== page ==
Many Pakistanis believe their government's complicated role in Afghanistan has worsened the plight of ordinary people in the nation of 180 million. In a recent interview with Pakistan's independent Dawn newspaper, Prime Minister Yousuf Raza Gilani said the war has cost Pakistan $68 billion.

According to Pakistani government officials, the U.S. financial support — including aid and military payments — has amounted to less than $20 billion since 2001.

Even before 2001, Pakistan's economic health was shaky because of global sanctions imposed after it detonated nuclear bombs in 1998. Experts say that the economy was beginning to stabilize by 2000 as improved access to credit gave Pakistanis more purchasing power.

All that came to a halt after the U.S. launched the war in Afghanistan, which destabilized the region and sent investors packing. In the past 10 years, inflation has jumped from 4.4 percent to 16 percent, while Pakistan's national debt has climbed from $30 billion to $60 billion.

Mohmand blamed the "disastrous policy" adopted by Pakistan's former military ruler, Pervez Musharraf, to join the U.S. war effort. When Musharraf seized power in a 1999 military coup, Pakistan lost its membership in the Commonwealth of Nations, a grouping of more than 50 former members of the British Empire.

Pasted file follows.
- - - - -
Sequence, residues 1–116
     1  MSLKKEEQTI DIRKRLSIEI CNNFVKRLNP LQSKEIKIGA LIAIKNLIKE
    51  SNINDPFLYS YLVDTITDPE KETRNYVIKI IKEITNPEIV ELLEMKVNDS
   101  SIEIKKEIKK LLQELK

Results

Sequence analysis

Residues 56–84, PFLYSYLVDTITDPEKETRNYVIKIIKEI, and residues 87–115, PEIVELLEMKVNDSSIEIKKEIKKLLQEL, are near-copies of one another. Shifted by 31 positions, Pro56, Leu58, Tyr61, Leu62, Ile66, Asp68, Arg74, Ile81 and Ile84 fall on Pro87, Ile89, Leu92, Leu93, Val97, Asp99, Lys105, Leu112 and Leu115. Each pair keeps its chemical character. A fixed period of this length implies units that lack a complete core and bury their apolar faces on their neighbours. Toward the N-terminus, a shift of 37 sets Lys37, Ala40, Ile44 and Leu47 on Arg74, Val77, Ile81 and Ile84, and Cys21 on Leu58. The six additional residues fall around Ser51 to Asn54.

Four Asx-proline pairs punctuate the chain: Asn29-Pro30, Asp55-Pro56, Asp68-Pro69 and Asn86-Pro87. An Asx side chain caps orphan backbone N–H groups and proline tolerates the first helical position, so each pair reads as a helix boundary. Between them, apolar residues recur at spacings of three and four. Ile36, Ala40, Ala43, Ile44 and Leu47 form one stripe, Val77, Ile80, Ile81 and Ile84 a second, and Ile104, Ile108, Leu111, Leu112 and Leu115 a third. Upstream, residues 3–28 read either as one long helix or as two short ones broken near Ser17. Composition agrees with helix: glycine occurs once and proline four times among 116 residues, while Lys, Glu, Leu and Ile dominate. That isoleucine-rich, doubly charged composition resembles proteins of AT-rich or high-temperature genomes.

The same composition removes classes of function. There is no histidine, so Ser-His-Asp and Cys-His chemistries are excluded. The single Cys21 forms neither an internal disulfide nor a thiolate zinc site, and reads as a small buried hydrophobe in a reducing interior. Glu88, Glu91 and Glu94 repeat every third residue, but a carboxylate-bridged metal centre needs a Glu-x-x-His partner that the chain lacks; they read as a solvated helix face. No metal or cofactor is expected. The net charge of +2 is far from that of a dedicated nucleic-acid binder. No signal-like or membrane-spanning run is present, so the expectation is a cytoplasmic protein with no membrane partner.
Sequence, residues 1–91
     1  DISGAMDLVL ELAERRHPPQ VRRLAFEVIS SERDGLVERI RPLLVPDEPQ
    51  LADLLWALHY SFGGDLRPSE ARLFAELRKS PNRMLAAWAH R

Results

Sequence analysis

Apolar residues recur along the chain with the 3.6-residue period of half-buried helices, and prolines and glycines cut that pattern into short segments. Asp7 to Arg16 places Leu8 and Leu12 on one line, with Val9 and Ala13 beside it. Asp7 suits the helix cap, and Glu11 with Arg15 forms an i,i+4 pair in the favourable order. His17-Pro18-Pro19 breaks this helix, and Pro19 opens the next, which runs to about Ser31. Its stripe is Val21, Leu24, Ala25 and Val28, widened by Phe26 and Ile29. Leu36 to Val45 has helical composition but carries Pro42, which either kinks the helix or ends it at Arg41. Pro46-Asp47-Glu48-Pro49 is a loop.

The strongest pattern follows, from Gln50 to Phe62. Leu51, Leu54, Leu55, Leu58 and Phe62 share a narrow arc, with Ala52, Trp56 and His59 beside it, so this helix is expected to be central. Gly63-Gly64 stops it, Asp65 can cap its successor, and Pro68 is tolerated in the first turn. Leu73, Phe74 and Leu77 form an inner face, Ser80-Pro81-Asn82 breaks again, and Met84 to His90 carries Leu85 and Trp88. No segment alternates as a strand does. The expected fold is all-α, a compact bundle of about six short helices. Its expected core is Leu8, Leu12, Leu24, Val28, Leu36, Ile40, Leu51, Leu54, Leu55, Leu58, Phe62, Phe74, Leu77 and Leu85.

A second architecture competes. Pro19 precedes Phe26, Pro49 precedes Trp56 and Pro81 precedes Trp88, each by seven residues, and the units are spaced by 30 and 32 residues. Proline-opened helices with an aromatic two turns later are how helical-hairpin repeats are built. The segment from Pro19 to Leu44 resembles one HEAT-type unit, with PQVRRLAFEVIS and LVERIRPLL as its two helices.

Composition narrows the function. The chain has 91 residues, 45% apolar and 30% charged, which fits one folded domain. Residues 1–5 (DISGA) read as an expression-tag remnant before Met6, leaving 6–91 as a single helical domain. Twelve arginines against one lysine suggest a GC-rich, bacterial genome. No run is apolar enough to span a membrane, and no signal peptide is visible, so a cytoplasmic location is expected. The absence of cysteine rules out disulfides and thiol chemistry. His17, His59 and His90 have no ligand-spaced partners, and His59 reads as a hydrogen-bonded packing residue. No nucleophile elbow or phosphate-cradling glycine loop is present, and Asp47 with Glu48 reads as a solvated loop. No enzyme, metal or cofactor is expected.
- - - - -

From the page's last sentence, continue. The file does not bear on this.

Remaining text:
To help repair his image — or, as Mohmand put it, "legitimize his illegal regime" — Musharraf backed the Afghan war.

"In the 1980s when the Soviet Union occupied Afghanistan, millions migrated to Pakistan, hundreds of thousands perished — but there was no insurgency or collapse of order," Mohmand said. "This time around (Musharraf) plunged Pakistan into a war that it should never be fighting."

Since 2001, there have been some 335 suicide attacks in Pakistan as compared to only one previously, according to the Pakistan Institute of Peace Studies, an independent think tank in Islamabad. The attacks escalated sharply after Pakistani government forces in 2007 attacked the Red Mosque in Islamabad, which had reportedly been infiltrated by Islamic militants. More than 10,000 civilians have been killed in terror attacks across the country, the institute says.

Amir Rana, the institute's head, estimated that Pakistan's already weak roads and communications infrastructure had been damaged by the transportation of NATO supplies through Pakistan and into Afghanistan. He estimated damages to the communication sector alone at $7 billion.